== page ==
By Brandy Carrillo, UC Davis Nutrition Peer Counselor
In today’s crazy diet culture, it can be quite tricky to navigate the maze of macronutrients, micronutrients, grocery shopping, meal prepping, food preparation, etc. One misconception I’ve continuously come across is that fat is bad and should be avoided at all costs. In reality, fats are an essential part of a balanced diet and contribute to organ protection, supporting cell growth, energy source, and many more processes. Fats are composed of fatty acid chains- either saturated or unsaturated and within unsaturated fats are both omega-3 (alpha-linolenic) and omega-6 (linoleic) fatty acids. Both of these fatty acids are essential, meaning that the human body is not able to produce them on its own and needs to get them from outside sources. The two are extremely important to growth and repair but are also important precursors to other bioactive lipid mediators as well.
Omega-3 fatty acids have an anti-inflammatory function and are primarily known for their role in heart health and can be found in both plant and animal sources. They are also known for their role in supporting brain, nerve, and eye development infants and maintaining a healthy immune system. Omega-3 fatty acids can be found in many foods including oily fish like salmon, mackerel, sardines, and herring, walnuts, flaxseed, and leafy green vegetables.
The American Heart Association (AHA) recommends that individuals consume at least 2 servings of seafood (fatty fish) per week which are high in anti-inflammatory omega-3 fatty acids.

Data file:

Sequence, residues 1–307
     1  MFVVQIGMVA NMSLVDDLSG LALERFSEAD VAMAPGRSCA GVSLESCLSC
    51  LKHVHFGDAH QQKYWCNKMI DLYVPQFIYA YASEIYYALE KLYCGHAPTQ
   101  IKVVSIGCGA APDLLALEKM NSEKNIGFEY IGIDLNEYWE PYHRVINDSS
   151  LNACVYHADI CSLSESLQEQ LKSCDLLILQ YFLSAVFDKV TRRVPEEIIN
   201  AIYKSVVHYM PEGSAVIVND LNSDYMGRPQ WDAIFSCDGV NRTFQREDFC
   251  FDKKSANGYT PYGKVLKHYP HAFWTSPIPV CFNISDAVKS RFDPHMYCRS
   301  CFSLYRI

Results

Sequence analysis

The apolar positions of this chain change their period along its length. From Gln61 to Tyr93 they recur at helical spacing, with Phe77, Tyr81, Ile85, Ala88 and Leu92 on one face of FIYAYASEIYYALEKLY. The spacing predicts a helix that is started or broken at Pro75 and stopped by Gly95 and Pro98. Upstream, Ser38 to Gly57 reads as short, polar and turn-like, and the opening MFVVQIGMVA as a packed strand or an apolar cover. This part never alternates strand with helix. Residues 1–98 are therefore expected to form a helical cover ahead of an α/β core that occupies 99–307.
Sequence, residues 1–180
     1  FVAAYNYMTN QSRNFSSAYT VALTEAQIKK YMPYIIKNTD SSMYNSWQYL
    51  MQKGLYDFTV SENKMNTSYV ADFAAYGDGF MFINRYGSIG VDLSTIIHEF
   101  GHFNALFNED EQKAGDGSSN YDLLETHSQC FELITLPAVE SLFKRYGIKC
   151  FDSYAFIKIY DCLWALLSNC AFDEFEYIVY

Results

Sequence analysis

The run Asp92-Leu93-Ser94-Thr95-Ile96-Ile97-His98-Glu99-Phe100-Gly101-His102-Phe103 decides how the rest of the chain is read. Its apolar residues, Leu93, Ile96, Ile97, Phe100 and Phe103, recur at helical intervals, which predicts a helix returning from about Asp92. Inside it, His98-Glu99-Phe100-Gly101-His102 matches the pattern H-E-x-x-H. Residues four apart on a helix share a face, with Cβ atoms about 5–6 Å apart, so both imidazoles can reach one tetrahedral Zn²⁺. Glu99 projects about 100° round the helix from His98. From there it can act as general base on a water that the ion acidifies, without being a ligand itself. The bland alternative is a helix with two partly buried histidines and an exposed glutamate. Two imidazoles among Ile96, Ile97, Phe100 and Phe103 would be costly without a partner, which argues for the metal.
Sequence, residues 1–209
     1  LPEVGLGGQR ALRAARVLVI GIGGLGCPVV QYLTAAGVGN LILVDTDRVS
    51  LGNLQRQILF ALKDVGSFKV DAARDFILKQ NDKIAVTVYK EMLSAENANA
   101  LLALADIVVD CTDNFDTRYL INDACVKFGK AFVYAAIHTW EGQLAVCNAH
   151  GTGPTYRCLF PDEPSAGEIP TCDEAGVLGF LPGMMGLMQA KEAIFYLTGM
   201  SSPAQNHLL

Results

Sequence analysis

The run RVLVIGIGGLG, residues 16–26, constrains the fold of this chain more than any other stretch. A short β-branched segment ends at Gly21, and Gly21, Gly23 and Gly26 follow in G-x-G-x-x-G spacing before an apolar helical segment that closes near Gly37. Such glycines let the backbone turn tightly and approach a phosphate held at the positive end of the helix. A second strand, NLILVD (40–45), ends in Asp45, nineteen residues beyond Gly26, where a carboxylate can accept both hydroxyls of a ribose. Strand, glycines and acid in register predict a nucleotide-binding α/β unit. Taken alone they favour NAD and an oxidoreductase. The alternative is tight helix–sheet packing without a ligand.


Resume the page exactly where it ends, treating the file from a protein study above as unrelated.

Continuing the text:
Omega-6 is more pro-inflammatory in comparison to omega-3’s anti-inflammatory action, but it’s still important to consume foods containing omega-6 fatty acids. They help support gene regulation, a healthy immune system, as well as blood coagulation and clotting.
Sources of omega-6 include vegetable oils like sunflower, corn and canola, sunflower seeds, almonds, cashews, as well as meat and eggs.
Overall, both of these fatty acids are essential fats that your body needs for energy and proper functioning, though it is crucial to take into consideration the anti-inflammatory versus pro-inflammatory functions of the two fats and to focus on consuming more omega-3 versus omega-6 fatty acids. The typical American diet usually results in a much higher intake of omega-6 than omega-3. To make sure you get enough omega-3 fatty acids in your diet, try to eat a few servings of seafood each week, or if you’re following a vegetarian or vegan diet you can incorporate plant-based sources of omega-3 like flaxseed or chia seeds in a smoothie or oatmeal, beans in a salad or burrito bowl, or edamame in a stirfry! By focusing on having a balanced diet- focusing on healthy fats, whole grains, fruits, vegetables, and lean protein foods, you’ll get the complete range of essential nutrients your body needs!